Chapter 15. Macromolecular Engineering

15.1. Overview

15.2. Macromolecular objects via biotechnology

Motivation. DNA, RNA, and protein. Protein folding: prediction vs. design. Rational design and evolutionary approaches. Material and device properties.

15.3. Macromolecular objects via solution synthesis

Motivation. Basic design principles. Alternatives to standard proteins. Strategies for stabilizing specific folds. Consequences for design. Trade-offs and applications.

15.4. Macromolecular objects via mechanosynthesis

Motivation. Tip-array geometry and forces. Molecular tips and supports in AFM. Attachment of supporting molecules. Imaging with molecular tips. Solution-phase mechanosynthesis. Summary.

15.5. Conclusions

Chapter 16. Paths to Molecular Manufacturing

16.1. Overview

16.2. Backward chaining to identify strategies

Forward vs. backward chaining. Evaluating paths to molecular manufacturing. Overview of the backward chain.

16.3. Smaller, simpler systems (stages 3–4)

Macroscopic via microscopic manufacturing systems. Acoustic power and control. Simpler manipulators. Inert internal environment. Sorting and ordering molecules. Minimal diamondoid-material systems.

16.4. Softer, smaller, solution-phase systems (stages 2–3)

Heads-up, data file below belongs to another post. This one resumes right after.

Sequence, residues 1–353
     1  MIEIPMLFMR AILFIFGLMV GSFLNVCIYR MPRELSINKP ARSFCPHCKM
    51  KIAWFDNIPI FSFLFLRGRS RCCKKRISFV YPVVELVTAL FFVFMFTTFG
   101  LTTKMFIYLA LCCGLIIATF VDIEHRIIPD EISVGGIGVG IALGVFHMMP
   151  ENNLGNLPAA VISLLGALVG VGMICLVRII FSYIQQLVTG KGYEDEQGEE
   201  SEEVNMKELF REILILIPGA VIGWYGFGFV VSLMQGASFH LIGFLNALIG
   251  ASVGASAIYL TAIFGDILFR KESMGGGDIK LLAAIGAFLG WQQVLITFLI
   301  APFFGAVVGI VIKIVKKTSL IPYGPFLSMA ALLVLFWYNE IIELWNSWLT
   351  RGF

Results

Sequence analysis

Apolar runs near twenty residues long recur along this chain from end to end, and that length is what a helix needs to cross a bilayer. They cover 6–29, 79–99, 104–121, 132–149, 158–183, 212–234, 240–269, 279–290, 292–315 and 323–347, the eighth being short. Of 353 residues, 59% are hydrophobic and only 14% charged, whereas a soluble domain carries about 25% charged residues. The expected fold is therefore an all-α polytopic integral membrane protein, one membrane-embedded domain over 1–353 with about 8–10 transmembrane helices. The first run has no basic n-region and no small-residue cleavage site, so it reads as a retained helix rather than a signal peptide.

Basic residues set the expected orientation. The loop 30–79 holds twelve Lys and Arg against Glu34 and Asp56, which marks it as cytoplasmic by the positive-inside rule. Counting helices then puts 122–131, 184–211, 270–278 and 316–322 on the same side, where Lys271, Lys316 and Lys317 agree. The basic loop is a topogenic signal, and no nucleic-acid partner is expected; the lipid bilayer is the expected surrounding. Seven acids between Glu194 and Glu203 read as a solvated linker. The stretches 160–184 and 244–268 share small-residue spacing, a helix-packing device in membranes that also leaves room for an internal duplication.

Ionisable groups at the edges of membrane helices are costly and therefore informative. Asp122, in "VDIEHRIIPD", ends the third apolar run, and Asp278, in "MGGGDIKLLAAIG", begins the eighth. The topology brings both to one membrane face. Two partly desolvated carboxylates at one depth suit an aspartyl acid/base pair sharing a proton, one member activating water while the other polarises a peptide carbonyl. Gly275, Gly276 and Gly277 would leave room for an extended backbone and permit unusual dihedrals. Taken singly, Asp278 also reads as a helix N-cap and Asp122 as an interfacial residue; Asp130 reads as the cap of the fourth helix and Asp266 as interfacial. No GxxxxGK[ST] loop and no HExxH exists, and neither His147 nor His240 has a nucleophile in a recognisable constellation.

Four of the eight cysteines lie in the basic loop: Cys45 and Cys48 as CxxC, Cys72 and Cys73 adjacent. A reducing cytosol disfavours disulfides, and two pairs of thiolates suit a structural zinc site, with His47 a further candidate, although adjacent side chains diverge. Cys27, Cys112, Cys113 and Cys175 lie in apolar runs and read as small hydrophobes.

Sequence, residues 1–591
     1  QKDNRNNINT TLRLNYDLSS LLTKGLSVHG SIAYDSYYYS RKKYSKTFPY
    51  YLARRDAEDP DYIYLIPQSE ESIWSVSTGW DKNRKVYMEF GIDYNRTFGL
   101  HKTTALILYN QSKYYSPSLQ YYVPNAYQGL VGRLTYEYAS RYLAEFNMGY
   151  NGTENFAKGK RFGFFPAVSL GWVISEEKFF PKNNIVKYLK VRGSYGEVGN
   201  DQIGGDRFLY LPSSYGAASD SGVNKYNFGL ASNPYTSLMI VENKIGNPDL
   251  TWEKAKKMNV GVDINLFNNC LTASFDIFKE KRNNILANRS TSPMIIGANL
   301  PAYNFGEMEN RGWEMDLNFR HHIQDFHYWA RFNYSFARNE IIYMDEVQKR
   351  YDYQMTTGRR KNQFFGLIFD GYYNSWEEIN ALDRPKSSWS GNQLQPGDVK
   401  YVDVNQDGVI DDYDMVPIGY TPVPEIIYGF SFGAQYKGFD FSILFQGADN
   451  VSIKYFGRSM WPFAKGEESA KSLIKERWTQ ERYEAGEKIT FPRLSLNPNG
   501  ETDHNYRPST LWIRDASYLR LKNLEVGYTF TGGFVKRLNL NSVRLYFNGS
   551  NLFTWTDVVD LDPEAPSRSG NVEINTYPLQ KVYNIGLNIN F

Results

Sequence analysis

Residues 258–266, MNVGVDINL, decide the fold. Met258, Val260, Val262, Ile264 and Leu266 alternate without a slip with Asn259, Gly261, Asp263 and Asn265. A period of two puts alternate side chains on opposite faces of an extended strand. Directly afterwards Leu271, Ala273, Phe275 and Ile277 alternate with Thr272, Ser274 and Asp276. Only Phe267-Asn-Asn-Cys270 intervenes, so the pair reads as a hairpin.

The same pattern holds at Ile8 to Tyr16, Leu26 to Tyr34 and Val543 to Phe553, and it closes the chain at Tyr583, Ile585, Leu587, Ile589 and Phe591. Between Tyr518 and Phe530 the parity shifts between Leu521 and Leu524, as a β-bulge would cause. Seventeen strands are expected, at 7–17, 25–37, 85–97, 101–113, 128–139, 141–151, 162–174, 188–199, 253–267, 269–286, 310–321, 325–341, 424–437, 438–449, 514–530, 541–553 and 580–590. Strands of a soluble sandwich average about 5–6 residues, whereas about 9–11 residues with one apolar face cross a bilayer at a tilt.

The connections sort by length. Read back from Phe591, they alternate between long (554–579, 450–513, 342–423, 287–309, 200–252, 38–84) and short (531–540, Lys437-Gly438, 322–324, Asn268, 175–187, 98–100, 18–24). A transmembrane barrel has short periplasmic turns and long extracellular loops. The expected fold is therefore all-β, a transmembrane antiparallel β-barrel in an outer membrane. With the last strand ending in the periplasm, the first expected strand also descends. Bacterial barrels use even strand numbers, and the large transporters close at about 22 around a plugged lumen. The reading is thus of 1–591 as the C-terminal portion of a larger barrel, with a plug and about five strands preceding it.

Diamondoid via nondiamondoid systems. Inert environments from solvent-based systems. Solution-synthesized pressure-threshold actuators. Smaller liquid-based mechanisms.

16.5. Development time: some considerations

Determinants of the development time. Stage 1a: Brownian assembly of medium-scale blocks. Stage 1b: Mechanosynthetic assembly of small building blocks. Stage 2: First-generation solution-based systems. Stage 3: Inert environments, diamondoid materials.

16.6. Conclusions

Appendix A. Methodological Issues in Theoretical Applied Science

A.1. The role of theoretical applied science

A.2. Basic issues

Establishing upper vs. lower bounds. Are there objective, physical limits to device performance? Certainties, probabilities, and possibilities.

A.3. Science, engineering, and theoretical applied science

Science and engineering. Engineering vs. theoretical applied science.

A.4. Issues in theoretical applied science

Product manufacturability. Product performance. Direct experimentation. Accurate modeling. Physical specification. Confidence despite reduced detail. Unique answers (and confidence from "uncertainty"). Reliable reasoning.

A.5. A sketch of some epistemological issues

Philosophy of science (i.e., of physics). Philosophy of engineering. Philosophy of theoretical applied science.

A.6. Theoretical applied science as intellectual scaffolding

Scaffolding for molecular manufacturing.

A.7. Conclusions

Appendix B. Related Research

B.1. Overview

B.2. How related fields have been divided

Scientific goals vs. technological goals. Top-down vs. bottom-up approaches. Immediate goals vs. long-term prospects.

B.3. Mechanical engineering and microtechnology

B.4. Chemistry

B.5. Molecular biology

B.6. Protein engineering

B.7. Proximal probe technologies

B.8. Feynman's 1959 talk

B.9. Conclusions


Symbols, Units, and Constants



Copyright © 1998 by John Wiley & Sons, Inc